Ok, it was the upload I was worried about. I can debug on I2c interface.

The SPI interface runs with 9bits, not 8 so you get a white pixelgap on every byte.
The USART in SPImode runs in MSPIM mode hence no 9bit problem, just 8pixels/byte, back to back :)
[/quote]

Oh, I forgot about clock cycle 9.

(And I didn't know the USART SPI doesn't do it)
No, I don't answer questions sent in private messages (but I do accept thank-you notes...)

janost

Ok, here is the ISR.
It fires 15748times/sec.

Remember, this is just a proof of concept and not optimized.

Code: [Select]

ISR(TIMER0_COMPA_vect){//timer0 interrupt   
  if ((scanline>17)&&(scanline<40)||(scanline>239)) {
    //DDRD=DDRD|0x02;
    UCSR0B = _BV(TXEN0);
    PORTD = 0; //Hsync
    UDR0 = 0x00; //Load first byte
    for (byte x=0; x < 3; x++){
     // wait for transmitter ready
     while ((UCSR0A & _BV (UDRE0)) == 0)
      {}
    // send pixelbyte
    UDR0 = 0x00;
    }
    while ((UCSR0A & _BV (UDRE0)) == 0)
      {} 
    if (border==0) UCSR0B = 0;
    PORTD =4;       
  }

if (scanline<18) {
    //UCSR0B = 0;
    UCSR0B = _BV(TXEN0);
    PORTD = 4; //Vsync
    UDR0 = 0x00; //Load first byte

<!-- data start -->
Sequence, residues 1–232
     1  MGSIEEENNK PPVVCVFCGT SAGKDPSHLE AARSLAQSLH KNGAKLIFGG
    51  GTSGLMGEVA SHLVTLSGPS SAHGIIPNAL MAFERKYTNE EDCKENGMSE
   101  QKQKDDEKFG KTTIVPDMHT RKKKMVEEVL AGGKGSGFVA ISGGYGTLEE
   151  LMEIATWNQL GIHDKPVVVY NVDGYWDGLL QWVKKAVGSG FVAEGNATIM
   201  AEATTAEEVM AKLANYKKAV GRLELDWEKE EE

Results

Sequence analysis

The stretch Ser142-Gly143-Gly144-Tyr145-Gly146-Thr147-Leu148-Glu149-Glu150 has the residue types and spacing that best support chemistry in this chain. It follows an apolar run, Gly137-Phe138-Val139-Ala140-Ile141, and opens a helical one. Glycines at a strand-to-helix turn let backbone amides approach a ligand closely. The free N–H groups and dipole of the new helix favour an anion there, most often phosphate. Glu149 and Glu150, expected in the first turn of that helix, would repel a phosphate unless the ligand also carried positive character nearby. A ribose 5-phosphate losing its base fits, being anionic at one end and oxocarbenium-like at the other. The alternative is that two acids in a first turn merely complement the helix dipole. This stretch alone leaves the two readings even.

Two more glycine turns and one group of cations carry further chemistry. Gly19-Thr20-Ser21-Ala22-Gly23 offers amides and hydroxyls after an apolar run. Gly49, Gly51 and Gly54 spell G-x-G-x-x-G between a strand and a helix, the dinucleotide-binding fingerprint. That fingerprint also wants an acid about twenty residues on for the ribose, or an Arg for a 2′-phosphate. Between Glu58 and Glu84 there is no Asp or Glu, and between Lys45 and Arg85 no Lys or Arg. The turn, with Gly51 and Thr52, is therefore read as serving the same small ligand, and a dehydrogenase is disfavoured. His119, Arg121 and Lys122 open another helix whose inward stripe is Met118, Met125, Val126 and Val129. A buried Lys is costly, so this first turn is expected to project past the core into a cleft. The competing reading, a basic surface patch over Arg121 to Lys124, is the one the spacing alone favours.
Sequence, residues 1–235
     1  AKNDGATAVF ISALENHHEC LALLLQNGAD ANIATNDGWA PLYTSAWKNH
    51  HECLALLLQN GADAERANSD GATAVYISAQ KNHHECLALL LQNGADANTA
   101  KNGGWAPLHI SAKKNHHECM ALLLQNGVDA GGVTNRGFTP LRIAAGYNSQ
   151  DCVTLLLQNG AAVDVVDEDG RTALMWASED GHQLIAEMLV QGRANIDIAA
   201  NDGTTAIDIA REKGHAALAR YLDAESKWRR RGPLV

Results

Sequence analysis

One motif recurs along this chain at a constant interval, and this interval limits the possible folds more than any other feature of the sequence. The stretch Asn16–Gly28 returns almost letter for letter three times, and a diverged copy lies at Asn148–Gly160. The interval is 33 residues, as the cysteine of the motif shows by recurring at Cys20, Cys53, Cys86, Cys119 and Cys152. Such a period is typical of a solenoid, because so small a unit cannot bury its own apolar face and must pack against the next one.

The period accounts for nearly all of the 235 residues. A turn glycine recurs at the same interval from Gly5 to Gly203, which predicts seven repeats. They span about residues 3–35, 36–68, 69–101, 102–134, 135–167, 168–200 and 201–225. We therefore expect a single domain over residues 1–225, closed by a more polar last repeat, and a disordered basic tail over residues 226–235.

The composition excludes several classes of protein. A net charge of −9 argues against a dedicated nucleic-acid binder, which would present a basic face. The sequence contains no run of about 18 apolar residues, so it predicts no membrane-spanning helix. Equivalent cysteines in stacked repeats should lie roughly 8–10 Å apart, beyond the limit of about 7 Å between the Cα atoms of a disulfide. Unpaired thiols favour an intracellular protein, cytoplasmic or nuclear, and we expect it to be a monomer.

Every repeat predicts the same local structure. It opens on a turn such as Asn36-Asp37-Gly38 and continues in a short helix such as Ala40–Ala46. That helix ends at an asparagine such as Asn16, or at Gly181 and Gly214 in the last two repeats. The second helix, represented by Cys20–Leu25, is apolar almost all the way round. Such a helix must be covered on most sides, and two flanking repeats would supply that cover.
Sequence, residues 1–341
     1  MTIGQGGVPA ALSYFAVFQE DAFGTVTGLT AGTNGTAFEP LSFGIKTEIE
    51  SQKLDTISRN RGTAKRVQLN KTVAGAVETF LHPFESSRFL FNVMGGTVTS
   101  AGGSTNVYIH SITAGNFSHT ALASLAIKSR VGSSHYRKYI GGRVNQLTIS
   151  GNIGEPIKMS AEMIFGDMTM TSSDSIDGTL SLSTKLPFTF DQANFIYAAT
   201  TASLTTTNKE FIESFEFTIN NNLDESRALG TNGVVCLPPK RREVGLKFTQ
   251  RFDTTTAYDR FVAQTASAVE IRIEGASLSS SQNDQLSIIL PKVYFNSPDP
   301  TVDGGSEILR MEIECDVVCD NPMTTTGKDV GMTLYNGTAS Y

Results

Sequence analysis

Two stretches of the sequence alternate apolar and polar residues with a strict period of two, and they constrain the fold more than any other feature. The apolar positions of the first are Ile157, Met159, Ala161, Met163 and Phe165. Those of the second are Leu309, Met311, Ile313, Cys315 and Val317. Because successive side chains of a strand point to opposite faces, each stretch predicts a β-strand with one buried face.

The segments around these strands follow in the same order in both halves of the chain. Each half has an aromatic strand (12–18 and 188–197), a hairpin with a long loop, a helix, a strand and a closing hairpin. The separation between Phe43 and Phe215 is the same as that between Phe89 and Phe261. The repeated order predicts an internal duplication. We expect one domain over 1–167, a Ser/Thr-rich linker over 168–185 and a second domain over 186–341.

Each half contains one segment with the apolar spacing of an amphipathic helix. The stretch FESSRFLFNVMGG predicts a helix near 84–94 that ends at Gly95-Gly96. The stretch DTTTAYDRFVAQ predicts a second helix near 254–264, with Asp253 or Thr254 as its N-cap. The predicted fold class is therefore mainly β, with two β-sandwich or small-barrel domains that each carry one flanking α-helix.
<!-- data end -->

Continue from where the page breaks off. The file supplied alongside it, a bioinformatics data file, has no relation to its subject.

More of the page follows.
for (byte x=0; x <3; x++){
     // wait for transmitter ready
    while ((UCSR0A & _BV (UDRE0)) == 0)
      {}
    // send pixelbyte
    UDR0 = 0x00;
    }
    PORTD =0;
    UCSR0B = 0;
    videoptr=0;
    row=0;   
  } 
 
  if ((scanline>39)&&(scanline<240)) {
    UCSR0B = _BV(TXEN0);
    PORTD = 0; //Hsync
    UDR0 = 0x00; //Load first byte
    for (byte x=0; x < 3; x++){
     // wait for transmitter ready
     while ((UCSR0A & _BV (UDRE0)) == 0)
      {}
    // send pixelbyte
    UDR0 = 0x00;
    }
 
    while ((UCSR0A & _BV (UDRE0)) == 0)
      {}
     //send colorburst
     UDR0 = B10110010;
     PORTD =0;
     while ((UCSR0A & _BV (UDRE0)) == 0)
      {}
     PORTD =4;
   
    for (byte x=0; x < 3; x++){
     // wait for transmitter ready
     while ((UCSR0A & _BV (UDRE0)) == 0)
      {}
     // send pixelbyte
     UDR0 = 0x00;
    }
    for (byte x=0; x < 8; x++){
     // wait for transmitter ready
     while ((UCSR0A & _BV (UDRE0)) == 0)
      {}
    // send pixelbyte
    UDR0 = border;
    }
   
    for (byte x=0; x < 40; x++){
     //charcode=videomem[videoptr++];
     
     // wait for transmitter ready
     while ((UCSR0A & _BV (UDRE0)) == 0)
      {}